As a public Max Rose fan, I was happy to see he's apparently bouncing back from his 2020 re-election defeat and pursuing a run for mayor of New York City. The re-election defeat was disappointing, but it should not be a career-ender -- along with Joe Cunningham (SC) and maybe Kendra Horn (OK), Rose's 2018 win was probably among the biggest upsets of the last midterm and was always going to be difficult turf to hold onto once the blue wave inevitably receded. So I'm glad he's getting back on the horse, though I suspect it will be a crowded field and (to the extent anybody cares what I, a non-New York, thinks) I'd want to give everyone a chance to make their case.
But really, my main reaction when I read Rose's announcement was to wonder why anyone would want the job of New York City mayor? From my vantage point, the mayor of New York appears to the official home base of political no-win situations. There's a million-and-one interest groups, a barely functioning bureaucracy, all the challenges facing any urban center (but bigger, because New York), all with just enough influence to be blamed but not enough to actually hold responsibility.
I mean, look at de Blasio. I remember when he first ran for the post, he had a progressive-populist left (remember when the NYPD literally turned their backs on him? That'd be progressive gold if it happened in 2019 instead!). Now, six years into his term, everybody hates him. He almost impresses in the degree to which he's forged a cross-city, cross-ideology, cross-everything coalition united around the core conceit of despising Bill de Blasio (the pandemic isn't helping things, but this dynamic predates that). De Blasio's predecessor, Michael Bloomberg, was rich enough that essentially nothing mattered about his tenure, but it certainly didn't end up helping him one whit when he ran for President this year. And before that we have of course Rudy Giuliani, who managed to take a gift-wrapped political present as "America's mayor" and parlay it into perhaps the most embarrassing presidential campaign of my lifetime (and following that ... well, we all know where that story goes). Who on earth looks at that history and thinks "me next!"?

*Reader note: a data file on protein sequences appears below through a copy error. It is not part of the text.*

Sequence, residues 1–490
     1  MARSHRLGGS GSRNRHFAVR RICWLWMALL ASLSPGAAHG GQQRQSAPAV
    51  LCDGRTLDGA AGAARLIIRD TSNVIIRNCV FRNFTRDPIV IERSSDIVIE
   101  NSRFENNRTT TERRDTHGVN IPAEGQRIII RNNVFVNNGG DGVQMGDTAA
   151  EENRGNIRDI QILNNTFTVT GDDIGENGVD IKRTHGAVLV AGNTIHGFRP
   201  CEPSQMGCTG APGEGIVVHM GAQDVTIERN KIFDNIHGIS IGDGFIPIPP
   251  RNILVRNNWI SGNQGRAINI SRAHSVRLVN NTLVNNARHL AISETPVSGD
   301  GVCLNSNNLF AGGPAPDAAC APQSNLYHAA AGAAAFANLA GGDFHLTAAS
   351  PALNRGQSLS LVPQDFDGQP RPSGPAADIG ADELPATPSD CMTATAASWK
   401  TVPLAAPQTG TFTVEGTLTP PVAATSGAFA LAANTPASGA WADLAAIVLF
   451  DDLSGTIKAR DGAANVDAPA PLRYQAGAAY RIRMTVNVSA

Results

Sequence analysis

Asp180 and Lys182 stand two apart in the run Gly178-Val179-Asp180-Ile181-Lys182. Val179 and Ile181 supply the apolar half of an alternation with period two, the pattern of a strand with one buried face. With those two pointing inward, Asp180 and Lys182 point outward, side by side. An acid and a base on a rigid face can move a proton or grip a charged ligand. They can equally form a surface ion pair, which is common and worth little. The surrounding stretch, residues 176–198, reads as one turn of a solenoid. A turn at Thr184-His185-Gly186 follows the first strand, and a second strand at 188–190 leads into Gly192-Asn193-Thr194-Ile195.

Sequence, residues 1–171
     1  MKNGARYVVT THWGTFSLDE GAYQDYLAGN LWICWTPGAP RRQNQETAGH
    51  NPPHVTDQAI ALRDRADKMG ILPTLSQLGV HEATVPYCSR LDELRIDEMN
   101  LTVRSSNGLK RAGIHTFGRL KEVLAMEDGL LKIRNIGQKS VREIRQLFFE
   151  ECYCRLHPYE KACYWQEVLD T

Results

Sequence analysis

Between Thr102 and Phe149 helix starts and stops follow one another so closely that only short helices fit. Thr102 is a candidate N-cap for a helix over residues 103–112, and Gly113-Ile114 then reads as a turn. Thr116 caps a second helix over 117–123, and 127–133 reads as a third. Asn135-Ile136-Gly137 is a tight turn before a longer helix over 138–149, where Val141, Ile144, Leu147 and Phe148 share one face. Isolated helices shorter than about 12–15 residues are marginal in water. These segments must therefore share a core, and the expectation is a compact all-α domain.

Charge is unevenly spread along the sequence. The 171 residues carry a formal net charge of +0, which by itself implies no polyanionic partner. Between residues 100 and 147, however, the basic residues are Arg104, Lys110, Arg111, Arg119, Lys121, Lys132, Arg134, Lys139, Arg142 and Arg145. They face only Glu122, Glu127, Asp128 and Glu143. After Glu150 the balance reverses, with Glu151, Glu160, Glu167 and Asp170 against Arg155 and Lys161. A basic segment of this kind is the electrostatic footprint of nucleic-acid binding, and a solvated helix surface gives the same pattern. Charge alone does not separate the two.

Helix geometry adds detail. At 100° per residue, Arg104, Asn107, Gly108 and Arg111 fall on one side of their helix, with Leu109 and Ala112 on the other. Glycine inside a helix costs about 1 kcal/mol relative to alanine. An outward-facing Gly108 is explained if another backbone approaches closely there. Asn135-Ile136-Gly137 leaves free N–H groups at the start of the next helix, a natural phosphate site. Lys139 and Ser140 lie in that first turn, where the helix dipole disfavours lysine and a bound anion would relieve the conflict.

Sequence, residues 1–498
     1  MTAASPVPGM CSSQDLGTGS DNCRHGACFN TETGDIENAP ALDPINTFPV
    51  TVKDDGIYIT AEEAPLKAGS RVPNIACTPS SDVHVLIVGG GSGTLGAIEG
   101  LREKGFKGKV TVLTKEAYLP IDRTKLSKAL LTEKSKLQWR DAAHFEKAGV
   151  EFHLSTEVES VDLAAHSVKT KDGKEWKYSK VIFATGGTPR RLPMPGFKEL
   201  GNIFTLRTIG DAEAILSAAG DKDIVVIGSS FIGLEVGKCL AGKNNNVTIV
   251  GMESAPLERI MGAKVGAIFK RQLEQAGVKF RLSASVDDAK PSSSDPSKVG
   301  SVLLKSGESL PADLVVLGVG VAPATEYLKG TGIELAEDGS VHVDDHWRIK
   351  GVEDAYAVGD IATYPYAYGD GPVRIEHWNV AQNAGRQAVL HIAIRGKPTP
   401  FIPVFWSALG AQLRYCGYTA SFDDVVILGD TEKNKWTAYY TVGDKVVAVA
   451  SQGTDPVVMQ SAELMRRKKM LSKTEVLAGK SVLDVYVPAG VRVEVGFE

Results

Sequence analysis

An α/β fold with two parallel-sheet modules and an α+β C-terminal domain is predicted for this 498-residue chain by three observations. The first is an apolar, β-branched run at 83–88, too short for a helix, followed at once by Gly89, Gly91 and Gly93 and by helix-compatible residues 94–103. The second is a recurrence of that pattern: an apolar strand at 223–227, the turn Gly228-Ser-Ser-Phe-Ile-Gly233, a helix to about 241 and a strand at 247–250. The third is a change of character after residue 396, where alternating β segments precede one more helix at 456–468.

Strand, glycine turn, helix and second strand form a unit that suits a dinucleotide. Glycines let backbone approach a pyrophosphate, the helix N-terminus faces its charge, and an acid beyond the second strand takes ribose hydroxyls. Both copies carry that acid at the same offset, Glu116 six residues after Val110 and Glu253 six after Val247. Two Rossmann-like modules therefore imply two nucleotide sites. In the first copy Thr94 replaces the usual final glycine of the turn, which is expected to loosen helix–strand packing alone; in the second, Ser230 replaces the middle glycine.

To be clear: I'm glad that there still are talented figures who want the job. It'd be far worse if they didn't; a place like New York needs and deserves smart, ambitious politicians who are willing to tackle the myriad problems it faces as the biggest city in America. And there's an alternate universe where mayor of New York is considered a real prize.
But boy oh boy, count me as glad I'm not one of the candidates for the job. Whoever ends up emerging out the other side as the next mayor of the Big Apple, wish them luck, because I'll be they need it.